AFTER giving a beleaguered nation an enormous shot in the arm, coursing with feel-good vibes and patriotism, the brilliant Lionesses are now just 90 minutes, or 120 minutes, or 120 minutes plus nerve-wracking pens away from completing a perfect summer.
Standing in their way is of course Germany – because who else could it be? – as Sarina Weigman’s side vie to win English football’s first senior major tournament for 56 years, and England Women’s first major tournament ever. It’s an opponent who beat them in 2009, in the Lionesses’ last big final, pulling away late on to rack up an unhealthy 6-2 score-line.
It simply had to be Germany. In fact, it would have felt odd had it been France, and this inevitability can be extended to the Germans navigating a path to Wembley this Sunday despite being written off before the tournament, suspected of being unsure of themselves; a team that supposedly fell between two stools. Will we ever learn in this regard? Probably not.
But we’ll get to that. What should be considered first and foremost is what Beth Mead and company have bequeathed us across these past few weeks, and how we feel as a seismic date with destiny awaits.
Because instinctively there is a nagging concern that ultimately, we will be let down; that this amazing story cannot possibly reach the conclusion it deserves, and who can blame us for such scepticism given that we’ve previously fallen in love many times over, only to be jilted at the altar or realised too late that our partner lacks substance. Here once more, we are smitten and under the firm conviction that this is ‘the one’ and so understandably we are dreading the other foot to fall, to discover they like Coldplay or hold questionable politics beliefs. Or, more pertinently, that they fluff their lines and miss their chances when it really, really counts.
Will that happen again? Will we be hurt anew after letting go of our natural cynicism and daring to dream?
Prior to England’s semi with Sweden, it was stated in these very pages that big-stage nerves could potentially disrupt Wiegman’s masterplan and early on passes did indeed go astray and the Lionesses looked a little lost amidst the scale of the occasion. But then everything clicked, and the football was fluid, and their key players shone, and by the final whistle it amounted to the most complete performance seen from an England team since, well, just a fortnight ago actually when they decimated Norway.
Still thinking about this Alessia Russo goal to be honest. 🤩pic.twitter.com/2GxR0rtUtJ
— 90min (@90min_Football) July 28, 2022
All tournament long, the Lionesses have stared down the pressure and raised their game, giving us iconic moments in the process, including that eight-goal downing of the Norwegians and Russo’s ridiculous back-heel last Tuesday. All of which adds up to something substantial, enough to entrust that the past does not dictate the future and it’s okay to emotionally invest in this team, doubts be damned.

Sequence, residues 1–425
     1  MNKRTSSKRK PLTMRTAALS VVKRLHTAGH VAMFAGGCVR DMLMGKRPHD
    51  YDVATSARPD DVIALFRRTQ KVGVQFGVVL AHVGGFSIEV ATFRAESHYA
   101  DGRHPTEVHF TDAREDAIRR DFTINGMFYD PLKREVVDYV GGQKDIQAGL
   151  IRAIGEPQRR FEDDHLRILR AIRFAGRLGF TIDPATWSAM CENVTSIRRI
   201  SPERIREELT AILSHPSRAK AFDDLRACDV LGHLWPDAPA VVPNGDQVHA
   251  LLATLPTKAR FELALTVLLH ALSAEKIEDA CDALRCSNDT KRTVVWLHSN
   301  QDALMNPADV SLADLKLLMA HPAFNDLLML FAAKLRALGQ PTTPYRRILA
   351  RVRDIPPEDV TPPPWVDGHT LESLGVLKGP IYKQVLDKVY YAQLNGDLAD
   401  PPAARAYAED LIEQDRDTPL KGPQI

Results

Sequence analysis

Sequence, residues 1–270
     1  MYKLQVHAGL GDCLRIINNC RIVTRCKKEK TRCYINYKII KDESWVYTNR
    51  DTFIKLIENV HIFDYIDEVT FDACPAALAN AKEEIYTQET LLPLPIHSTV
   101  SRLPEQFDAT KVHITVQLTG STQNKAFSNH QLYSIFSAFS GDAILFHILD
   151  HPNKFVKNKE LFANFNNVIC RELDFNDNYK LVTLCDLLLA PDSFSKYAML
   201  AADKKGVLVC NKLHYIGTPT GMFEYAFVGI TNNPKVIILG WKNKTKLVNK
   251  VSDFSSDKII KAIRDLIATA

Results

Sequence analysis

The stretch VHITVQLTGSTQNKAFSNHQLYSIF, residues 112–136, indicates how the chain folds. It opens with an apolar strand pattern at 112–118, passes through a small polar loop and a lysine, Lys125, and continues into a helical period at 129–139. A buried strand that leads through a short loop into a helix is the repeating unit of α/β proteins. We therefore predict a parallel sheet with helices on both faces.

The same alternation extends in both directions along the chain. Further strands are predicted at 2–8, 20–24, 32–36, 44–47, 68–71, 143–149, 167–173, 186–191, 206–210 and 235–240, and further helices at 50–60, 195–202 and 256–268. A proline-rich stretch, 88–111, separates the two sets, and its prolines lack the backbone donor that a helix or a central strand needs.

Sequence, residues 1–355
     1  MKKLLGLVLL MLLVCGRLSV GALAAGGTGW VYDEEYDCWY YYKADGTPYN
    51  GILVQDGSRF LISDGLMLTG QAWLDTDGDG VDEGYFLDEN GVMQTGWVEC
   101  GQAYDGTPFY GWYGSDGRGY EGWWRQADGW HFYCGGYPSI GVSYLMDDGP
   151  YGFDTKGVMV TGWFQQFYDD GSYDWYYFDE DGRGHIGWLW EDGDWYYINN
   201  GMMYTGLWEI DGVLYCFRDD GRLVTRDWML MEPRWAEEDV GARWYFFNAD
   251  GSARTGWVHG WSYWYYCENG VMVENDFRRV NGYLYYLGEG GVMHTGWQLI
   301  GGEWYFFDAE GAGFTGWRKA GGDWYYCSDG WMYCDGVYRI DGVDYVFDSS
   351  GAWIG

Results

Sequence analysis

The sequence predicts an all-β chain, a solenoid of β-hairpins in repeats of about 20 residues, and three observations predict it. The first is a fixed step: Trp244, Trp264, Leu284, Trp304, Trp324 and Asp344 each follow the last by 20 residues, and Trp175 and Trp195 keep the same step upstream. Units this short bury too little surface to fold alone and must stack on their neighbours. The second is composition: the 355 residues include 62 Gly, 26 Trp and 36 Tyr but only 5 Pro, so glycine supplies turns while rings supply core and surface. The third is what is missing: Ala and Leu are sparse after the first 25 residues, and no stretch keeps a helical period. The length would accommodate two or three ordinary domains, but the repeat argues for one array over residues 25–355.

A good deal of that belief is sourced in a forward-line illuminated by Mead, whose six goals put her in a head-to-head battle with Germany’s Alexandra Popp to win the Golden Boot. That is, unless Alessia Russo does an absolute madness from the bench and grabs a hat-trick and right now, so impactful has she been, that doesn’t feel too far-fetched.
Leading the line is Ellen White, selfless and forever full of endeavour, while on the opposing flank Lauren Hemp is a constant danger and behind all of this adventure Keira Walsh and Georgia Stanway have been consistently sublime.
Yet if England’s attacking fare is receiving the bulk of the acclaim at present, their defence too warrant a heap of praise. Led by the ever-accomplished Leah Williamson, it’s a collective that has been breached only four times in their 19 games under Wiegman. That’s a goal every 7.2 hours.
And it’s a very good job too that England’s rearguard is so sound, with Germany possessing an old-fashioned number nine in Popp who has converted in five consecutive games, the first player at a Euros to achieve this. Elsewhere, Sara Dabritz has dazzled while in the heart of midfield Lena Oberdorf has hugely impressed. The 20-year-old went into the tournament with great expectations placed on her. She is exceeding them.
At the back meanwhile, Die Nationalelf are solid and well-drilled and weren’t we informed before a ball had been kicked that this was an uncharacteristic weak area that might be exploited this summer? In the event, they have conceded only once all tournament. Will we ever learn?
Post-victory over France, Germany’s boss Martina Voss-Tecklenburg said of this weekend’s final, ‘it will be a great football feast’, and let’s hope she’s right though it is likeliest not to be.
That both teams boast parsimonious defences is never a good sign, nor is the welter of individual battles that might cancel each player out. Hemp v Gwinn. Popp v Williamson. Those two alone fascinate, and though it’s an awfully big claim to make, whoever comes out on top between Walsh and Oberdorf in the centre-circle will be a Euro Championship winner come Sunday evening.
That it’s a final must also be a factor. Beyond its opening skirmishes, a fear of losing will come to the fore.
Don’t be surprised therefore if a single goal decides matters and then it solely comes down to determining which side scores it, and for this have we learned nothing from this tremendously uplifting few weeks? Believe in Mead. Believe in the Lionesses. Believe that dreams can come true.